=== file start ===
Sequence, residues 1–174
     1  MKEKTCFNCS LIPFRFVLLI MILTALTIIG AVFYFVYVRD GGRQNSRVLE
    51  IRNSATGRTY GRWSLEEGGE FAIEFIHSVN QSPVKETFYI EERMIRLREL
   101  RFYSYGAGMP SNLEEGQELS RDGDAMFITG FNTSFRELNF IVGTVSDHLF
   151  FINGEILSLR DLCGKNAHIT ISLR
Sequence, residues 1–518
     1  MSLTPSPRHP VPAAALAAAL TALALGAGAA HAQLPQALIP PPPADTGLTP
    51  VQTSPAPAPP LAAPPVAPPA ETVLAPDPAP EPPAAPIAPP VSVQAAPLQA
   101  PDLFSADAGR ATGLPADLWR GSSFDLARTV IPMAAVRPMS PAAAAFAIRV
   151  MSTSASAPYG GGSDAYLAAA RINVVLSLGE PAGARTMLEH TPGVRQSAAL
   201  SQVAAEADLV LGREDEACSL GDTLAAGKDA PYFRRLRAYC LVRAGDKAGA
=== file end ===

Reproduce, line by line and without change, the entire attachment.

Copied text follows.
Sequence, residues 1–174
     1  MKEKTCFNCS LIPFRFVLLI MILTALTIIG AVFYFVYVRD GGRQNSRVLE
    51  IRNSATGRTY GRWSLEEGGE FAIEFIHSVN QSPVKETFYI EERMIRLREL
   101  RFYSYGAGMP SNLEEGQELS RDGDAMFITG FNTSFRELNF IVGTVSDHLF
   151  FINGEILSLR DLCGKNAHIT ISLR
Sequence, residues 1–518
     1  MSLTPSPRHP VPAAALAAAL TALALGAGAA HAQLPQALIP PPPADTGLTP
    51  VQTSPAPAPP LAAPPVAPPA ETVLAPDPAP EPPAAPIAPP VSVQAAPLQA
   101  PDLFSADAGR ATGLPADLWR GSSFDLARTV IPMAAVRPMS PAAAAFAIRV
   151  MSTSASAPYG GGSDAYLAAA RINVVLSLGE PAGARTMLEH TPGVRQSAAL
   201  SQVAAEADLV LGREDEACSL GDTLAAGKDA PYFRRLRAYC LVRAGDKAGA